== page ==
Quiet Weekend in Capri Hints
Quiet Weekend in Capri Red Herrings
Quiet Weekend in Capri Cheats
The Backseat Game Designer: Quiet Weekend in Capri
This is the addendum to my Quiet Weekend in Capri Review in which I put all my opinions that contain
spoilers. If you haven't finished playing A Quiet Weekend in Capri yet, you don't want to read this page. Please go back to the regular review site, where I promise to
tell you everything you need to decide whether or not to play this game without giving away any of its plot.
Backseat Game Designers pages are primarily
a place for me to put all my game commentary that was too revealing for the regular reviews, as well as a place to tell everyone exactly how *I* would have done the
game so much better. (I'm usually being self-mocking when I say that. It's rare that I encounter a commercially produced game that actually is written
by people with no more programming skills than I have. This time, I'm not actually sure whether I'm being sarcastic or not.)
Anyway, here's all the news about A Quiet Weekend in Capri that's fit to print, just not on the no-spoiler review site.
There are plenty of games out there that are worse than A Quiet Weekend in Capri, but there aren't too many that are less good.
By that I mean that Weekend in Capri doesn't have any real fatal flaws in it--no crippling bugs, no broken puzzles, no design errors or
nonsensical random PC deaths forcing you to reload and replay large sections of the game. There are no characters anyone's likely
to hate in this game. There's no reliance on trial and error. There's
nothing in A Quiet Weekend in Capri that's truly awful, but except for the creative premise and the attractive box it comes
in, there's nothing in this game that's
done even the slightest bit well, either. The look on my face when the lovely intro screen gave way to a
hand-scribbled picture of the island with menu buttons
that really and truly look like computer drawings my seven-year-old son makes... well, it must have been quite a sight.
||Here is the "tools" button from Weekend in Capri. You thought I was exaggerating, didn't you?|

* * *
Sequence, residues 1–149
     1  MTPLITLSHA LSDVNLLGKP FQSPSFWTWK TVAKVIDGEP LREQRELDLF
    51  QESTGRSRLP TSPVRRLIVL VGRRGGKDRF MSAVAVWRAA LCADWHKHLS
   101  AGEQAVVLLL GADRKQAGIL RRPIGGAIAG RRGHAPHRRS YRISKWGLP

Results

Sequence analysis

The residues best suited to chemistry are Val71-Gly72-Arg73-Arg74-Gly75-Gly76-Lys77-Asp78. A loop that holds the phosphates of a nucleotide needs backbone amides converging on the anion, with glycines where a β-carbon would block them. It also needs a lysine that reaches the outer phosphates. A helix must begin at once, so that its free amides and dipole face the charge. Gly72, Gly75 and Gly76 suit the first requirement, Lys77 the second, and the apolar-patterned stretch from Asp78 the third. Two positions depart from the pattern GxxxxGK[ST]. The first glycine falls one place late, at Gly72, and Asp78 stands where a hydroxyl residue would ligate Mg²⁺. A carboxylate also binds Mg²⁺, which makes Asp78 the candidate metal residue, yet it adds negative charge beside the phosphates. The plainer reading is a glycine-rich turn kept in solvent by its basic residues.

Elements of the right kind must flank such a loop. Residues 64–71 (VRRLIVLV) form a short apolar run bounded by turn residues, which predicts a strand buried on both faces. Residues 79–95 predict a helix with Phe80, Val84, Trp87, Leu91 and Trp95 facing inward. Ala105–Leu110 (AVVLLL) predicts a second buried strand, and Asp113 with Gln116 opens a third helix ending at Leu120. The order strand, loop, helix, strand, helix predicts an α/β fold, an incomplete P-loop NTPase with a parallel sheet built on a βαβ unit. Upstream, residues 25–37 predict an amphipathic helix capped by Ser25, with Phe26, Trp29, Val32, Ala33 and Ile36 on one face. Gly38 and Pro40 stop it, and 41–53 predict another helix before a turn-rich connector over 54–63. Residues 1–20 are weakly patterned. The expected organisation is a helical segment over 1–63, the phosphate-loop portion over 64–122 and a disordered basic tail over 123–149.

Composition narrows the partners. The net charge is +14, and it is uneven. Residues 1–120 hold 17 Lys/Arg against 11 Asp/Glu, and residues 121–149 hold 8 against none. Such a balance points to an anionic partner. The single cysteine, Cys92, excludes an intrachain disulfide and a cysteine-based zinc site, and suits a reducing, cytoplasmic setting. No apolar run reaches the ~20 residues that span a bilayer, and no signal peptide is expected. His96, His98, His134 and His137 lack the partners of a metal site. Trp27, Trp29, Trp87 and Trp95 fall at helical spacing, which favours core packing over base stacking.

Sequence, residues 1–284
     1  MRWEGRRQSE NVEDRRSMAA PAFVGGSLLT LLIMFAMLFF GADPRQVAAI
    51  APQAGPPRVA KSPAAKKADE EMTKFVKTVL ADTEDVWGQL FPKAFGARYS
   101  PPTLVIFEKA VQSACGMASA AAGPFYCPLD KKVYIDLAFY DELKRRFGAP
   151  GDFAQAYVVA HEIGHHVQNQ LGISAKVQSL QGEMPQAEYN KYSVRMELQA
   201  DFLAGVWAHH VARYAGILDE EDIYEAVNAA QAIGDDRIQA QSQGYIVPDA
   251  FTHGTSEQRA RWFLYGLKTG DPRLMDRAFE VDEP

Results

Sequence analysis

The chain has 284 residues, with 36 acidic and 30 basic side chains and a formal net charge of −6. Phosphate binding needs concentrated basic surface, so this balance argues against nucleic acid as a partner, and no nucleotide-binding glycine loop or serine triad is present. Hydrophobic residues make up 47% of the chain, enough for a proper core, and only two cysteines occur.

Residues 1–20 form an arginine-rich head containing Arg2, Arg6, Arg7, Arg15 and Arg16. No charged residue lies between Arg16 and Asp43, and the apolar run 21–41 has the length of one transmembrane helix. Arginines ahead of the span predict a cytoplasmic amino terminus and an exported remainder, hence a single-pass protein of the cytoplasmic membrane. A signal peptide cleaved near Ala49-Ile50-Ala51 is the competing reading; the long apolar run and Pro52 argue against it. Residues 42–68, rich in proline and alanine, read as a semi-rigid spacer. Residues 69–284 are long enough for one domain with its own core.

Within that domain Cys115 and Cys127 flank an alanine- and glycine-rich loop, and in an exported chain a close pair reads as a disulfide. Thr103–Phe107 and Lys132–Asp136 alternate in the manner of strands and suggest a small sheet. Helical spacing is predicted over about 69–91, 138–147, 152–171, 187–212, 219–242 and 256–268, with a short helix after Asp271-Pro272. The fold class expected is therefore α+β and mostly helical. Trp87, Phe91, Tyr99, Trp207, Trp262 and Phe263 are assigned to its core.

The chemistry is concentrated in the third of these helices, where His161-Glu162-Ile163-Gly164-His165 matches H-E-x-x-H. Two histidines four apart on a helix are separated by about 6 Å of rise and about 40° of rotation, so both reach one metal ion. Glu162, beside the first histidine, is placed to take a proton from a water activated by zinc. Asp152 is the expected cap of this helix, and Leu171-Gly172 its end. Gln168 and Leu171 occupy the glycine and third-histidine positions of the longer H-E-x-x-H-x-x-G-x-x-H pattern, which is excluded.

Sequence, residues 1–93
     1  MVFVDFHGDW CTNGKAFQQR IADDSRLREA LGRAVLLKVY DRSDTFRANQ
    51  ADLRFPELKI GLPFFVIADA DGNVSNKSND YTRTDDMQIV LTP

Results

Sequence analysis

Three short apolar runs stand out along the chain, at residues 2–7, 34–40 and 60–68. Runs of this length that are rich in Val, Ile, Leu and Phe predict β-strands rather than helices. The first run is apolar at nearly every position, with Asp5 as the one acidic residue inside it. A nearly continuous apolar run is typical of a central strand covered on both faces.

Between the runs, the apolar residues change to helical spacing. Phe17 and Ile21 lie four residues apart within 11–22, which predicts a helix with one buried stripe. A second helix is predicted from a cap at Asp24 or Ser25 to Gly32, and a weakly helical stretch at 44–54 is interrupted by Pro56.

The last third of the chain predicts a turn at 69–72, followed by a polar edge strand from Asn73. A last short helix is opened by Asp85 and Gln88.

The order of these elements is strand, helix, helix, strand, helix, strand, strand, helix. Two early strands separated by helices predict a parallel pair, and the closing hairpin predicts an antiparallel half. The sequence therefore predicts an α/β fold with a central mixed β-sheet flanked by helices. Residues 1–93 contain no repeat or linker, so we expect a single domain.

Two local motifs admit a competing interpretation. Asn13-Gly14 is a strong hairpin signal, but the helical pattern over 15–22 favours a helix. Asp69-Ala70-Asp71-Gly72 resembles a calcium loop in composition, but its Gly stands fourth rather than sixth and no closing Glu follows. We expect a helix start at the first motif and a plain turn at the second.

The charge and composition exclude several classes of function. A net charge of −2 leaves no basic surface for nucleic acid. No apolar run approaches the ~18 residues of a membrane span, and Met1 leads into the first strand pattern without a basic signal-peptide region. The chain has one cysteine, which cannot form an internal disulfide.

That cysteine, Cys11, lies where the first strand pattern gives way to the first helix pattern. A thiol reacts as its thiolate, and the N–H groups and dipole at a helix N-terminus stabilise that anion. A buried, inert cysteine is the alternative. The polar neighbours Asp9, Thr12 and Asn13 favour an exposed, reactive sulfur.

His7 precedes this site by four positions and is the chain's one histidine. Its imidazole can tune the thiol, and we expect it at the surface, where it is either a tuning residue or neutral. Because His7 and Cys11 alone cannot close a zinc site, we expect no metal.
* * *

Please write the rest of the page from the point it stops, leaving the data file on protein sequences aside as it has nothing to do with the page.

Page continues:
The box and the lovely screenshots I'd seen had fooled me into thinking this was going to be a professional game. It's
not; it's a glorified webquest.
The graphics are static photographs with hotlinked areas you can click. The gameplay is vintage 1976. There are no innovations,
nothing that could conceivably draw anybody in. Has anyone
ever actually uttered the sentence "I sure wish I had a computer game where I could roleplay an Italian delivery boy" before?
(I'm not being snarky; your
character really is an Italian delivery boy, and you have to spend much of the game collecting and delivering grocery items.)
Has anyone actually said
"What would make a game really fun would be if the pixel-hunting was more spread out, for example, if you had to scour the earth for a
tiny battery cell in 4500 different
locations rather than just 200?" Has anyone ever even said "The game I just played was okay, but it would have been better with 4300
additional locations containing absolutely nothing except, sometimes, a pretty view?"
A Quiet Weekend in Capri isn't the worst game out there by a long shot, but it is just one of the dullest ones--and when you're talking about entertainment, being
bored isn't that big an advantage over being frustrated and annoyed.
A Quiet Weekend in Capri Game Advances
Things other computer game designers could learn from A Quiet Weekend in Capri:
1) Hands down, the best thing about this game is its concept. The Savareses seem to have really understood the concept of "middleman
elimination" that made the original Myst as immersive as it was. There is no backstory to be grappled with, no main character whose voice
or actions or attitude may be off-putting in a setting with so little interactivity. You play as yourself. You're walking innocently down a street
when you bump into a temporal anomaly and find yourself in some alternate-universe Roman Empire, trying to figure out where you are
and why everyone is calling you "Rafele." There's an immediacy to that that few games offer; it's unfortunate that A Quiet
Weekend In Capri wasn't better able to capitalize on this.
2) One welcome detail was the ability to click on any object in inventory to view a close-up photograph of it. Too many graphic adventure
games decide that describing or labeling inventory objects would be unrealistic, but then fail to give you an alternate way of figuring out